• tskiver1225

Blending Healthy Families: Family Desires

Welcome to the Blending Healthy Families Blog!

This week we’re touching on desire.

No, this isn’t a talk about sexual desires (but maybe one day) it’s about our desire to have a different schedule in our blended family.

My beloved business coach, Hannah Deindorfer stated, “Desire exists in the not having.” I started applying it to every aspect of my life.

I’ll start by sharing the example my she shared with us. Think about a piece of chocolate cake. For me it would be a german chocolate cake, loaded with icing - still warm - accompanied by a scoop of french vanilla ice cream.

Now, take it away. Tell me I’ll never be able to have that again.

Maybe I can manage it for a while, but then the cravings kick in. It’s all I think about. It’s all I dream about. So I feel like I need to cheat - I need to manipulate a situation to make it so I’m fulfilling my desire.

Now, let’s apply that to the blended family. Whether it’s agreed upon in or out of court, most blended families have some order that tells them what to do with the kids. Think of your situation while I go through mine.

Our schedule is roughly 2 days with Dad and I out of every ten. On paper, it equates to every other Wednesday night/Thursday night and every other weekend. We desire the kids so much more than that. The “not having” kills us.

In the past, we’ve reacted in ways that didn’t lead to a positive outcome.

I would blame - both my husband and his ex.

  • “If only would would’ve done XYZ when you were married, she would have let you have the kids more.”

  • “If only you two would have practiced better communication, then I wouldn’t have to do it.”

We would weasel our way into the kids’ time with their mom.

  • “We can take them to XYZ.”

  • *Asking the kids if they wanted to stay later before asking mom*

Other negative reactions could be, purposefully not returning the kids on time, changing schedules at the last minute or asking for more time although you wouldn’t be able to make it quality time.

Now, we react in ways that are positive and show the kids we are working together.

We show up for their activities.

  • No matter who’s time it is. We make the time for the kids - not “mom’s time”/”dad’s time.” But, we don’t intrude unless their mom asks for help with transportation, meal or other coverage.

We have become slower to anger.

  • Before responding, we see what other information comes to light, we pray about it and we let the dust settle and see if the item at hand is actually a problem before kicking it up more.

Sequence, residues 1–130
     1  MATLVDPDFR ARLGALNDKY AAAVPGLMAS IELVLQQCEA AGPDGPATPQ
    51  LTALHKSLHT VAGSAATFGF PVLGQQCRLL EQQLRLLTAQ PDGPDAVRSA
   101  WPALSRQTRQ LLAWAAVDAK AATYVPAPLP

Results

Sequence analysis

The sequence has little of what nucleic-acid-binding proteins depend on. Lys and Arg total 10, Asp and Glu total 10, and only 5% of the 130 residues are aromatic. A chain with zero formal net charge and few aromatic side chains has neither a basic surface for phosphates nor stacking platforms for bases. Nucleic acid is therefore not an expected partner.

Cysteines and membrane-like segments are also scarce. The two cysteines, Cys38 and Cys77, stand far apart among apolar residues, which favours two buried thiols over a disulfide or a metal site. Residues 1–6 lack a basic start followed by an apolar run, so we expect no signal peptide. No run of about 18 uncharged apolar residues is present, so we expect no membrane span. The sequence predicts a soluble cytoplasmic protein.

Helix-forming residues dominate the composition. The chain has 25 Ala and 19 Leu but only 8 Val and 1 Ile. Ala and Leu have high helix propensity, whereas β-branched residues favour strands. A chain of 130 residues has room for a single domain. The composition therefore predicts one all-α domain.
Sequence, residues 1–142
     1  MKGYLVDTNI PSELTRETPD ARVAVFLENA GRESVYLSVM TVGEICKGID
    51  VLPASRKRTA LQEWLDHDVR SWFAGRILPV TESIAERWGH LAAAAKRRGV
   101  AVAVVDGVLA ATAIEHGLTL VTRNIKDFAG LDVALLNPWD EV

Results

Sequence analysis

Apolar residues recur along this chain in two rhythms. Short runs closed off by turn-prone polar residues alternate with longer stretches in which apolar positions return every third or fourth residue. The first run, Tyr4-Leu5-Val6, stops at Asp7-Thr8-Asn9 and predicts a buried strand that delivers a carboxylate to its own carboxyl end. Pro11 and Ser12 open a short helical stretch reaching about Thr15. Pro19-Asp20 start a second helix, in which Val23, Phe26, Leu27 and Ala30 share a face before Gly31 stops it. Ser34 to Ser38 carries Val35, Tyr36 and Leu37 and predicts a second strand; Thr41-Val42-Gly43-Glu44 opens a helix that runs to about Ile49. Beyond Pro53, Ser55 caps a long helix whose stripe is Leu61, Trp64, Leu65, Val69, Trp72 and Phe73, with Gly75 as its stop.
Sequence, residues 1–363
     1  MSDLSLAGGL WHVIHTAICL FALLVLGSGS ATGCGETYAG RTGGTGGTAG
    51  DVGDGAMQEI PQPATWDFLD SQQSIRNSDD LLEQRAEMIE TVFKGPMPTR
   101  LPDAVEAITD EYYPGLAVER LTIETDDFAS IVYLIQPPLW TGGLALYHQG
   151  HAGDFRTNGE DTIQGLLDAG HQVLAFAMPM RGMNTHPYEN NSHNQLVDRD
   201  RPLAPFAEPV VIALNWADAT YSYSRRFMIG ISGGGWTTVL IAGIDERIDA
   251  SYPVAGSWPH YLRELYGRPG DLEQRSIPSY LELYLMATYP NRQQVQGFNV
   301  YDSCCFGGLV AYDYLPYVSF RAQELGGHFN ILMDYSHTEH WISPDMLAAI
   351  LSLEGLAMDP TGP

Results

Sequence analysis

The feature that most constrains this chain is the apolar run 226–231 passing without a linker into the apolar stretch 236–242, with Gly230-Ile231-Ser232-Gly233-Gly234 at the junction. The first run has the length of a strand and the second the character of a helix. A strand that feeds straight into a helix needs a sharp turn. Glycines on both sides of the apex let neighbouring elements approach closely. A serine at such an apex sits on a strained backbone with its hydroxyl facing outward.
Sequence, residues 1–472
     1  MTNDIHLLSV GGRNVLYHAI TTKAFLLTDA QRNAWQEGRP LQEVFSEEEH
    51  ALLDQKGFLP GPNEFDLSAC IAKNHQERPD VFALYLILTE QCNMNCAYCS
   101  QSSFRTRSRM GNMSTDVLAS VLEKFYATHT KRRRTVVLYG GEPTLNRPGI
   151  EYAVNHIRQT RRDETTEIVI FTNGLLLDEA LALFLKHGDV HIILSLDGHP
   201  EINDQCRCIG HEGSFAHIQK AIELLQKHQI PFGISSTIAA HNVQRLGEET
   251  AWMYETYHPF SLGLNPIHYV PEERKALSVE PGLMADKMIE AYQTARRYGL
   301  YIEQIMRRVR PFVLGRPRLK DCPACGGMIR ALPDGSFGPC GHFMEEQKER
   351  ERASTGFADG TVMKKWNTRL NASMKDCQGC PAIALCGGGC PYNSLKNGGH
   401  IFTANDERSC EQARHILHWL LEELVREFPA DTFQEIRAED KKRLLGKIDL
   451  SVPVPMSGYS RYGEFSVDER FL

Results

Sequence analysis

Other positive reactions could be, looking wholistically at what works with the family and amending the court agreement. It also helps when you seek to give more than you get - and the other parent does the same.

Don’t get me wrong, it has not always been this way - that I have had the patience or the desire to be calm and positive in every situation. I’m not even always positive now. But one thing I keep coming back to is how to fill the desire with something that matters.

What is something you like to do? Is it dance, go for a run, watch Netflix, bake? Or maybe you get satisfaction out of cooking fancy meals or deep cleaning the kids’ rooms when they’re not there.

I turned a corner from the negative reactions to the positive reactions when I slowed down to fill the desire with something that brought me joy. Oh, but Tricia, that sounds so selfish! It’s not really.

Imagine your kids watching you in each of these reactions. By showing up for yourself, you’re able to have more positive reactions and the blended family unit as a whole becomes more positive.

You wouldn’t dive into the chocolate cake every time you feel the urge. You learn moderation. You learn when you really have to divulge in the sweets and when you have the strength to use other coping mechanisms to satisfy that desire. Heck, you may even learn that the desire is a deep-rooted issue that stems back to being dumped in high school - oh wait, that’s me. Anyway, the boundary isn’t closed, it’s just firm and respected.

And we need those in all aspects of our lives.

Do you find yourself disregarding your own feelings and allowing the bitterness to slip through, instead of leaning into the desire and learning how to positively cope with it?


Now, for that chocolate cake...

If I can't get my stepdaughter to bake it for me, I turn to Gem City Bakehouse for the sweets.

Check out her menu at

She's rounding out her Farmer's Market schedule, putting the finishing touches on her Treats of the Month Club, and about to open up for Custom orders this winter.

Catch her if you can!

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